tions of youthful converts. While engaged in this work a desire arose in his mind to become a minister of Christ.

When his mother discovered his serious impressions by observing a pocket Bible in his coat, her heart was overjoyed. It was to his sister, however, that he most freely communicated his religious thoughts. His letters home now became Christian. The new individuality impressed itself on paper, and his sister who corresponded with him had the joy of recognizing a brother in Christ in her brother by blood. She showed some of his letters to the Rev. Mr. Bennett, then of Romsey, where she was on a visit to a friend. Impressed by their evidences of ability and zeal, he suggested that the writer might be useful in the ministry of the gospel. To this the young apprentice responded, and, when the objections of his father were overruled, he became a pupil in the academy of Dr. Bogue of Gosport, in the end of the year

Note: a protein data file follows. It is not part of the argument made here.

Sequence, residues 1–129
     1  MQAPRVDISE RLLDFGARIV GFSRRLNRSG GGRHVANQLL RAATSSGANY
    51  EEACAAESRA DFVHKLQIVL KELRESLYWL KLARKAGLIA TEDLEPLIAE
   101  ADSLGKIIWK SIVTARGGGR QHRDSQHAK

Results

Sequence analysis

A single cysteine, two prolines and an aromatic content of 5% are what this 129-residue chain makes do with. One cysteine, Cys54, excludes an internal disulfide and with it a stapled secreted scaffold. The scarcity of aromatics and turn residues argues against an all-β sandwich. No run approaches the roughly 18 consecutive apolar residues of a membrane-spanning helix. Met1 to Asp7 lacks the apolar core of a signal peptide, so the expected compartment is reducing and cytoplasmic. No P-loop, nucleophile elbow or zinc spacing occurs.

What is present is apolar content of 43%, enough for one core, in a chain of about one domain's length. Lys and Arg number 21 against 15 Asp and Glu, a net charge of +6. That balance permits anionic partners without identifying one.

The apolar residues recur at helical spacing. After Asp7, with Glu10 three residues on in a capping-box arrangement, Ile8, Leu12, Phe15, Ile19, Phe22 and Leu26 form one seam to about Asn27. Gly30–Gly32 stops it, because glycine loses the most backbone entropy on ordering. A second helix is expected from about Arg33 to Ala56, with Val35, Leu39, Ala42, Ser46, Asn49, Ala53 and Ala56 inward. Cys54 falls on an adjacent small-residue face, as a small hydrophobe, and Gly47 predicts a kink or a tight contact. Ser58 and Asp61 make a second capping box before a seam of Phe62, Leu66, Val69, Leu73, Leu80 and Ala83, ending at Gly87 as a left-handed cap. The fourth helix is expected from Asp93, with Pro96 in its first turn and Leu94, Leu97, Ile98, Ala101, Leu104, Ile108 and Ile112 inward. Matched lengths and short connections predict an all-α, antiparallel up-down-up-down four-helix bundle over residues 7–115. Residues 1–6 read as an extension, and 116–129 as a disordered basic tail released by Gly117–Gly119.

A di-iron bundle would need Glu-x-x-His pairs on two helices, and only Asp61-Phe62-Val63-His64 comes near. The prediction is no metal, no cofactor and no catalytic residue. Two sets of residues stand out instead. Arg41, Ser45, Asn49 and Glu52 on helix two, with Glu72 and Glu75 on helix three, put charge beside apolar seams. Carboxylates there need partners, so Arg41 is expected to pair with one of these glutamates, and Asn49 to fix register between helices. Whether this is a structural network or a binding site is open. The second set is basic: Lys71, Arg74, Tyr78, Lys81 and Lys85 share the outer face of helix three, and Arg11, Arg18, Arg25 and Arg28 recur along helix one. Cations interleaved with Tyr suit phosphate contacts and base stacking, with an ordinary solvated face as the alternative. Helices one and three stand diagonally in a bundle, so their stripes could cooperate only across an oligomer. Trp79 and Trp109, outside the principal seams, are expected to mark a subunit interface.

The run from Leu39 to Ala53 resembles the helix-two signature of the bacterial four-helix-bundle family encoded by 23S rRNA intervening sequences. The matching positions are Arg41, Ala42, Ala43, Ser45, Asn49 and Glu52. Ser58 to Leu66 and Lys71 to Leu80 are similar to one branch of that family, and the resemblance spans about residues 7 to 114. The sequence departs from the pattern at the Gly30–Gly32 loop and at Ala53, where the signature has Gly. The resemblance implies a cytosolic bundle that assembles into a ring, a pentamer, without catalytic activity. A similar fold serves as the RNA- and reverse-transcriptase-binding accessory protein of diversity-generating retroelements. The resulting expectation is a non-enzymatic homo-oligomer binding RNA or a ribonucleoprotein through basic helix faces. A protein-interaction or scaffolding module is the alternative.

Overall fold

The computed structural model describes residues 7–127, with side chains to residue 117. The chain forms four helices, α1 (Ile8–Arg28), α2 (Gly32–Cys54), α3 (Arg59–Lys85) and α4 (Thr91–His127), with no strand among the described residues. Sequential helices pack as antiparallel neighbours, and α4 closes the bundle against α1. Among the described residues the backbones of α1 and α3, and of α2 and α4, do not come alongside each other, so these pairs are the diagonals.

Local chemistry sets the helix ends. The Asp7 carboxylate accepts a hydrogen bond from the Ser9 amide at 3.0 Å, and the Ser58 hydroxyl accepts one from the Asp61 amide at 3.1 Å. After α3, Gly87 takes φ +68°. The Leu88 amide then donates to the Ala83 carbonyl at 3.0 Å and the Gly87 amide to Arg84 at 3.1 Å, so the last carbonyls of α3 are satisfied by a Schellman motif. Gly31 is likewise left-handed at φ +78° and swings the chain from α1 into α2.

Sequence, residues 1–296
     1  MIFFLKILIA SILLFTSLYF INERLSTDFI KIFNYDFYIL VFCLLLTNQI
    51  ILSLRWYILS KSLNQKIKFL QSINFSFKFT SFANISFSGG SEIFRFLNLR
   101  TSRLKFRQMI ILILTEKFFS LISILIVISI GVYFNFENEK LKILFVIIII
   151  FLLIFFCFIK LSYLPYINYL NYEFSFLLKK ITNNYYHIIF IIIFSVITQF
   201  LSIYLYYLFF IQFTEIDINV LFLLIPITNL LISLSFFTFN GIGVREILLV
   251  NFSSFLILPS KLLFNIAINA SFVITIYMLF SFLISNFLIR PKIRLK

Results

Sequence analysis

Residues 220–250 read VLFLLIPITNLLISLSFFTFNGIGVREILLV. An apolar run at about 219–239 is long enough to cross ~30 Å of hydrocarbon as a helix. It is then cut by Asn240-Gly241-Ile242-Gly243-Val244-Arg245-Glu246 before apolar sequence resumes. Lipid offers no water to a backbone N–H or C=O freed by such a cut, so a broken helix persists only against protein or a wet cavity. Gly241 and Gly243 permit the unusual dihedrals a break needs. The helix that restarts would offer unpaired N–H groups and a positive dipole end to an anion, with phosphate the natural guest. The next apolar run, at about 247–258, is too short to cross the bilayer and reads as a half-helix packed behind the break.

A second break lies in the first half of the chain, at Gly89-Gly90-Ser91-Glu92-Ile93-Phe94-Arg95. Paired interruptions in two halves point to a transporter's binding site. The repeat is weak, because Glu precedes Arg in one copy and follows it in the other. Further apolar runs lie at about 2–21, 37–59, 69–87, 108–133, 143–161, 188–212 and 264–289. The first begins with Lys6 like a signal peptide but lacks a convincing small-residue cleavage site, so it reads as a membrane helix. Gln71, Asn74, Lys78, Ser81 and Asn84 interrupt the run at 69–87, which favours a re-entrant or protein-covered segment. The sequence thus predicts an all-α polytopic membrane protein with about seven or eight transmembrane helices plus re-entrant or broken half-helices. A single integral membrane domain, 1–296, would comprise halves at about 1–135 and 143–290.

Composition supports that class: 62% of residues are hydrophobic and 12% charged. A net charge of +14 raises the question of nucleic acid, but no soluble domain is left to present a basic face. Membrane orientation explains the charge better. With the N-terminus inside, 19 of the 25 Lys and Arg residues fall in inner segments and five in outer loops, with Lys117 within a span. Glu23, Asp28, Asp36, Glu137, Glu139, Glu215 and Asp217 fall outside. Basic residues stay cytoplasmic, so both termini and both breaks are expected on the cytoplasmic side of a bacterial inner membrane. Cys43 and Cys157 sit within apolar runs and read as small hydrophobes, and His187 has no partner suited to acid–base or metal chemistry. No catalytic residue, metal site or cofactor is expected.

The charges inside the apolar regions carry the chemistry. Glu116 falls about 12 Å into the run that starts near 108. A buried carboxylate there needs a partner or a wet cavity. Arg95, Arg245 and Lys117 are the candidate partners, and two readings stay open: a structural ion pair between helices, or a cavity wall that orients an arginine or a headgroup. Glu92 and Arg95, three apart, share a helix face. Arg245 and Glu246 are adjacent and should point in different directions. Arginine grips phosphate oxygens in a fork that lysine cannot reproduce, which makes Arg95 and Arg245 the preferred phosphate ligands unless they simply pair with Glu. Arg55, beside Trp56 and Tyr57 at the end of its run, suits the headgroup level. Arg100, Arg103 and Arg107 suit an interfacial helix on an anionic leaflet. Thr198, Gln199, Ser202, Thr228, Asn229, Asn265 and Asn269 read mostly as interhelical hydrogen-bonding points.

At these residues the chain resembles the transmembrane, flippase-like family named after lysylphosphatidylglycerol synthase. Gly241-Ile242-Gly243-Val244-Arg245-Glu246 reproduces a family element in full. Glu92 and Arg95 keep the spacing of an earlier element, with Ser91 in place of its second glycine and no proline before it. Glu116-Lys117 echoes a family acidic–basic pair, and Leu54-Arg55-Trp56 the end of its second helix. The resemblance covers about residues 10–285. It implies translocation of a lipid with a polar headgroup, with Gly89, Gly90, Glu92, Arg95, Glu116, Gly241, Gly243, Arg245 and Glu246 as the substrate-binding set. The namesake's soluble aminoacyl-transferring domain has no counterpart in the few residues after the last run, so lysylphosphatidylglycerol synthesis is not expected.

1802. Dr. Bogue was chiefly occupied with the preparation of young men for the missionary work abroad. He had been the principal originator of the Missionary Society to which the name “ London” was afterwards prefixed. Mr. Robert Haldane, whose name is inseparably associated with the revival of the work of the Lord in the beginning of this century, gave a hundred pounds a year towards the maintenance of ten young men at Dr. Bogue's academy. This sum was supplemented by two hundred more, by the liberality of Christian gentlemen in Hampshire. Mr. James was received as one of the scholars on this foundation. He had several missionary candidates as his fellow-students, among whom we may name Dr. Morrison, afterwards of China. The course of